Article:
If all should fail, if your dreams collapse, if your hope should cease to endure…

Not by power, not by might…


Using the same word to refer to the same thing or idea is desirable when it contributes to transition and coherence. Anadiplosis is a rhetorical trope formed by repeating the last word of one phrase, clause, or sentence at or near the beginning of the next.

Some examples of anadiplosis—

So faith comes from hearing, and hearing by the word of Christ. —Romans 10:17

They have forsaken Me, the fountain of living waters, and hewed them out of cisterns, broken cisterns that can hold no water. —Jeremiah 2:13

But if possibility of evil be to exclude good, no good ever can be done. —Samuel Johnson

Used in a series, anadiplosis imbues beauty or a sense of logical progression.

And not only this, but we also exult in our tribulations, knowing that tribulations bring about perseverance; and perseverance, proven character; proven character, hope; and hope does not disappoint… —Romans 5:3-5

Reminder: Unless you choose a rhetorical device for its effect, avoid unnecessary repetition. Repeating the same word can become awkward, tedious, or confusing. Alternating between a pronoun and its antecedent is one obvious way of avoiding the tedious repetition of the same word to refer to the same thing. You can usually help to avoid confusing your readers by not using the same word (or variations of the same word) to mean two different things in one sentence or in two closely related sentences.


The term epistrophe refers to the repetition of the same word or phrase at the end of successive clauses.

In 1931, ten years ago, Japan invaded Manchukuo—without warning. In 1935, Italy invaded Ethiopia—without warning. In 1938, Hitler occupied Austria—without warning. In 1939, Hitler invaded Czechoslovakia—without warning. Later in 1939, Hitler invaded Poland—without warning. And now Japan has attacked Malaya and Thailand—and the United States—without warning. —Franklin D. Roosevelt


The rhetorical devise, chiasmus, reverses the order of repeated words or phrases (AB—BA) to intensify the final formulation, to present alternatives, or to show contrast.

Mankind must put an end to war—or war will put an end to mankind. —John F. Kennedy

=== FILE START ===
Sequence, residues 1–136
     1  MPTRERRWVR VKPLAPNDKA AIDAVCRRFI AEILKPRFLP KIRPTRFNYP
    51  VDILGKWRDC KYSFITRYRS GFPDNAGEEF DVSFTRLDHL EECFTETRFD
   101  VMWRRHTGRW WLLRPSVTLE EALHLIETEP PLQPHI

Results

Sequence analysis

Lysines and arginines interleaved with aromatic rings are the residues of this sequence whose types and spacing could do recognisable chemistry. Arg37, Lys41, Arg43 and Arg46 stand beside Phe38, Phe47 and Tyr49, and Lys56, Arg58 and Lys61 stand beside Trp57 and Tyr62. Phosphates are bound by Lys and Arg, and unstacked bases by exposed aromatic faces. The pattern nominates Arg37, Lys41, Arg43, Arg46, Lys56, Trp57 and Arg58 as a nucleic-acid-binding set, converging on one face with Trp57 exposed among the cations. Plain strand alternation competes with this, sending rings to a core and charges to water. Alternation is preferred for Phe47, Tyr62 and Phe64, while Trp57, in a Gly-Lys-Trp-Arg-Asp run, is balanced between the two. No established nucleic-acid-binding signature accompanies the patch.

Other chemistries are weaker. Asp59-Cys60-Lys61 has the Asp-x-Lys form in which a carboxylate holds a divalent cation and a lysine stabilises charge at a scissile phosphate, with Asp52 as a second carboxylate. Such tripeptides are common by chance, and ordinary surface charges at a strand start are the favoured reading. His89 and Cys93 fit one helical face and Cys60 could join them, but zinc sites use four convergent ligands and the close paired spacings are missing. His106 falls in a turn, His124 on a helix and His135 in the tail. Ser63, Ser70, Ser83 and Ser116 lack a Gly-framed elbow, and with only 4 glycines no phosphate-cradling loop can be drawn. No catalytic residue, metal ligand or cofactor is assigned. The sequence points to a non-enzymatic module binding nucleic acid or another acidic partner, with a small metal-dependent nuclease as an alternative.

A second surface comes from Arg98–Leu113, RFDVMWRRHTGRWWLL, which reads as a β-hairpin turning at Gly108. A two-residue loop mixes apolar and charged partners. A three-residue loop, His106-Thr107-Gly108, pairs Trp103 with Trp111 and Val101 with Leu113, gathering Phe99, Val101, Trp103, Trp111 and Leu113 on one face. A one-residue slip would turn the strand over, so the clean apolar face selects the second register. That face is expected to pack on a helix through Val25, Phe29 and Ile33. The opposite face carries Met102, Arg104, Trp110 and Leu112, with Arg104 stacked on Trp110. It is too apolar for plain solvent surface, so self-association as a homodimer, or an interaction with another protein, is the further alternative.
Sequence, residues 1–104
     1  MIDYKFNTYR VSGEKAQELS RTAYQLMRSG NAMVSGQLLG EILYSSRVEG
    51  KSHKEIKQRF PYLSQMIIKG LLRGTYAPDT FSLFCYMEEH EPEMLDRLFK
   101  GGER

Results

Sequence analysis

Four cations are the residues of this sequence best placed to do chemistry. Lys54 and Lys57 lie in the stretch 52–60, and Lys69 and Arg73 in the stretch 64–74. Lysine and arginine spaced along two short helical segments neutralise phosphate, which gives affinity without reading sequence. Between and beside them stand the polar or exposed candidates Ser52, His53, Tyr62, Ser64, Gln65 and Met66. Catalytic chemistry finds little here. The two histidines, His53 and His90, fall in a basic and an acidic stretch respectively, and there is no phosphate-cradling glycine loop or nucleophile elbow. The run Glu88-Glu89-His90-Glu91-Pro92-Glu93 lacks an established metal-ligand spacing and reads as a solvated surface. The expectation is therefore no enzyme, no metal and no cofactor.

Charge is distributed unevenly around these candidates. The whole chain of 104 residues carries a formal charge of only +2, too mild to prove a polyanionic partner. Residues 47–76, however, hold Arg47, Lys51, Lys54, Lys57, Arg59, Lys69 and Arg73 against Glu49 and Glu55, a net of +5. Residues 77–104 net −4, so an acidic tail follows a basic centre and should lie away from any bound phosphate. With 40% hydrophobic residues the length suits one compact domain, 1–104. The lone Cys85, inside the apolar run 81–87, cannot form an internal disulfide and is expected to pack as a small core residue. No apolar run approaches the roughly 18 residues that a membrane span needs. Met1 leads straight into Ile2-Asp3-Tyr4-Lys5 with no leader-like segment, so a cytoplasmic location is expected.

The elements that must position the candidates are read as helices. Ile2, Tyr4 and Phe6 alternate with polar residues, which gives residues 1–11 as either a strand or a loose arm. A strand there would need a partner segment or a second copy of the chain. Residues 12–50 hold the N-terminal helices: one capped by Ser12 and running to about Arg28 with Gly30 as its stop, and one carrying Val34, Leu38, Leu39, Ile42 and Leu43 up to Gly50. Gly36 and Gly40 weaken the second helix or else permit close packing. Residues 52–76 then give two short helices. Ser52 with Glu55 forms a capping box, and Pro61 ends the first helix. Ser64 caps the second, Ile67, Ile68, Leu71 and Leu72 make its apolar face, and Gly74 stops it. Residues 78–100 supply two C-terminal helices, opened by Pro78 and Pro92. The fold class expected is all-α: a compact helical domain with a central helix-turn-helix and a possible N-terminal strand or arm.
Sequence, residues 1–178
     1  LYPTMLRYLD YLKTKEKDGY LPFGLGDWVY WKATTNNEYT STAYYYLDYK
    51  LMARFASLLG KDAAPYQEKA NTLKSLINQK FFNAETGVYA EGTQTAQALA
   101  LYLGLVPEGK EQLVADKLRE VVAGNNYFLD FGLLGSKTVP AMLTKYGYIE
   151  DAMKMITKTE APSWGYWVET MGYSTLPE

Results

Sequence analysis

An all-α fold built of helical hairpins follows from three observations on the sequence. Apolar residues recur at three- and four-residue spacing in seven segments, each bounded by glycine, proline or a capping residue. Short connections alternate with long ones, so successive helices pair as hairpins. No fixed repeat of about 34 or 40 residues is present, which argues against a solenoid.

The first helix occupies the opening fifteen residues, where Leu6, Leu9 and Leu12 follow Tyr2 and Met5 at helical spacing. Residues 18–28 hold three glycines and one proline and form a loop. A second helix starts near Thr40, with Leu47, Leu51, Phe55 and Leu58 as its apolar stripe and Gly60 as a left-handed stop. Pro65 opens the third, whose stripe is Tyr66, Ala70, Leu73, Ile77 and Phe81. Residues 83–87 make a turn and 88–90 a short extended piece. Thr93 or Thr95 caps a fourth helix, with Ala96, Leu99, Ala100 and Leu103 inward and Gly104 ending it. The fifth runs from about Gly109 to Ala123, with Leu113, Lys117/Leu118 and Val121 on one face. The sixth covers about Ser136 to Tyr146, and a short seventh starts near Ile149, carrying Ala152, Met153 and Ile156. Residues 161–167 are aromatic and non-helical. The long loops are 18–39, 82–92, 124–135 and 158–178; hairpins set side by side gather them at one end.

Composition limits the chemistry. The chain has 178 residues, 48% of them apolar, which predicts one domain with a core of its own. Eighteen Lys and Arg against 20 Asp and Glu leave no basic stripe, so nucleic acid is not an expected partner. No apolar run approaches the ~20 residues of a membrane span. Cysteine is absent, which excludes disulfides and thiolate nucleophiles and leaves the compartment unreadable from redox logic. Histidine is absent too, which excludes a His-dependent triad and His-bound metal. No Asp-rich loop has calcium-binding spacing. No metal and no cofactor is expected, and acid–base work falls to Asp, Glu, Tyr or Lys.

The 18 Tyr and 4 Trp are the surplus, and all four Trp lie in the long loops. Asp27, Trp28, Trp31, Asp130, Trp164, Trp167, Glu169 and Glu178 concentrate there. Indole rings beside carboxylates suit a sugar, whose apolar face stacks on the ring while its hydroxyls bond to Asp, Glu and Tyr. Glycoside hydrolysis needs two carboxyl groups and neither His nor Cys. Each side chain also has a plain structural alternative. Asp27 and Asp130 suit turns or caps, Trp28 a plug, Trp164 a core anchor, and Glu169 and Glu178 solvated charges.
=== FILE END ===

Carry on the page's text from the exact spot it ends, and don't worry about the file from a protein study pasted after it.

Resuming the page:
The Negro needs the white man to free him from his fears. The white man needs the Negro to free him from his guilt. —Martin Luther King, Jr.

(Some novels build on a chiasmic structure, such as Homer’s Odyssey and James Joyce’s A Portrait of the Artist as a Young Man.)


Another device rooted in parallelism is the antithesis, the juxtaposition of contrasting ideas to create a definite and systematic relationship between the two. Antithesis helps to clarify a concept

The following example not only employs the device of antithesis, but further conveys image by alluding to Dickens’ Tale of Two Cities

It is the best of times, yet the worst of times: we live in unparalleled prosperity, yet have starvation; modern science can perform miracles to save lives, yet we have war; we balance ourselves delicately on the moon, yet destroy the delicate balance of the earth. Young people search for meaning in life, yet are confused, demoralized, frustrated. —Jesse E. Hobson and Martin E. Robins, America, Dec. 27, 1969

On a humorous note, Samuel Johnson wrote—

Marriage has many pains, but celibacy has no pleasure. —Samuel Johnson

Antithesis, through contrast, conveys subtle differences that the reader might otherwise overlook.

In order that all men may be taught to speak the truth, it is necessary that all likewise should learn to hear it. —Samuel Johnson


Paradox, a contradictory statement that contains a measure of truth, differs from antithesis. Paradox combines opposites for the meaning of the whole, whereas antithesis distinguishes of two parts by through contrast.

For whoever wishes to save his life shall lose it; but whoever loses his life for My sake shall find it. —Matthew 16:25

Art is a form of lying in order to tell the truth. —Pablo Picasso


An oxymoron links two terms typically exclusive by contrast.

…sober intoxication  —St. Augustine

Why then, O brawling love! O loving hate!

O any thing! Of nothing first create.

O heavy lightness! serious vanity!

Mishapen chaos of well-seeming forms!

Feather of lead, bright smoke, cold fire, sick health!

Still-waking sleep, that is not what it is!

This love feel I, that feel no love in this.

Dost thou not laugh? —Romeo and Juliet, Shakespeare

For more rhetorical devices, see the appendix entry.

Written by The UnNovelist
The Unnovelist